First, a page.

Melioidosis and Glanders

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Melioidosis (also referred to as Whitmore's disease) and glanders are related zoonotic diseases, caused by Gram negative rods, Burkholderia pseudomallei and Burkholderia mallei respectively.
Melioidosis is a tropical and sub-tropical disease, endemic in areas lying between latitudes 20° north and south. Sporadic cases are seen outside these areas, usually among immigrants and travellers. Both humans and susceptible animals can be infected.

Glanders is primarily a disease of equine species that can, on occasion, be transmitted to humans. Glanders is rare in most of the world, but sporadic cases occur in parts of Africa, the Middle East, South and South East Asia, and Turkey.

Renewed interest in these diseases has been sparked by concerns about bioterrorism. It seems likely that, in the past, both organisms have been developed for biological warfare. Glanders may have been used by the Japanese in China in the 1940s. Features that make these organisms suitable for deliberate release include:[1]

  • Organisms are easily available and reasonably easy to cultivate.
  • Ability to cause severe, rapidly fatal invasive infections.
  • Ability to initiate infections via aerosols, inoculation and, possibly, ingestion.
  • Intrinsic resistance to many antibiotics.
  • Ability to infect a wide range of animals as well as humans.
  • Long term persistence in the environment under suitable conditions (B. pseudomallei).
  • No currently available vaccination.

At the present time, the Health Protection Agency (HPA) thinks it unlikely that either organism is available in a weaponised form.[2] Nevertheless, they have produced guidelines for such a release.[1]

Glanders

  • Glanders is typically transmitted to humans from infected horses, donkeys or mules via direct contact with broken skin or mucous membranes. Transmission through intact skin has been reported but is not well documented. Transmission can also occur by inhalation of droplets from an infected animal or patient.
  • Unsurprisingly, those most at risk are those in close and frequent contact with infected animals eg vets, abattoir workers and laboratory staff.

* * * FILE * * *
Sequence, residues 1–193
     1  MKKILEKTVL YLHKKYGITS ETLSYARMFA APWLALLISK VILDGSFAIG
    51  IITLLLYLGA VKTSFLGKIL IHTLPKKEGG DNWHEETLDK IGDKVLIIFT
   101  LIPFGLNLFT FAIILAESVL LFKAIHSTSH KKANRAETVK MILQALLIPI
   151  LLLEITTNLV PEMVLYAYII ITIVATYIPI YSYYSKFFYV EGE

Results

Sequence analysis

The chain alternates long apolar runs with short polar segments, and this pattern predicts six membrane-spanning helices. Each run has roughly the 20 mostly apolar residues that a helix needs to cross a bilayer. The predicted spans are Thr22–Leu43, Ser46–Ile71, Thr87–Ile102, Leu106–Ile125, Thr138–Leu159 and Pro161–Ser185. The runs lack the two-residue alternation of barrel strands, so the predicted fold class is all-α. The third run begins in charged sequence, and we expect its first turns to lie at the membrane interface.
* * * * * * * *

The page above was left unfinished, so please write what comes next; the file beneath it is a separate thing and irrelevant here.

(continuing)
• The high incidence of infection amongst those working with B.mallei in the past implies that it may be more infectious than B. pseudomallei although the infectious dose is unclear.

Melioidosis

  • The bacteria of melioidosis are environmental organisms, found in water, soil, or plants. They may also be transmitted from infected animals.
  • Spread is via direct contact with a contaminated source, especially during the rainy season. Ingestion of contaminated material or dust/aerosol inhalation may also occur. Transmission between humans is rare but has been documented.
  • Middle-aged and older individuals or those with comorbidities such as diabetes and renal failure are most at risk.
  • The infectious dose of B. pseudomallei for humans is not known, but probably varies with host resistance. Most infections in previously healthy individuals have followed gross contamination (eg near-drowning, contaminated war wounds, inoculation with contaminated medications, lab accidents) but other cases are thought to have occurred following relatively minor exposure (eg inhalation of aerosols by helicopter crew).
  • The incubation period in naturally acquired infections is hugely variable, between days to years. Following the use of aerosol-based biological weapons, it would be anticipated to be 10-14 days.
    Think of melioidosis in unwell travellers returning from Southeast Asia, especially Thailand, and Northern Australia.[4]
  • It has also been observed in the South Pacific, Africa, India, the Middle East, and Central and South America.[5]
  • Environmental disasters such as the 2004 Asian tsunami have unmasked locations of sporadic cases and improved access to diagnostic laboratory facilities has helped to define endemic regions.[6]
  • Cases identified in temperate climates are almost invariably imported from the tropics: in the UK, 22 travel-associated cases were diagnosed in the decade 1997-2006, with exposures in Thailand, Viet Nam, India, and Bangladesh.[2]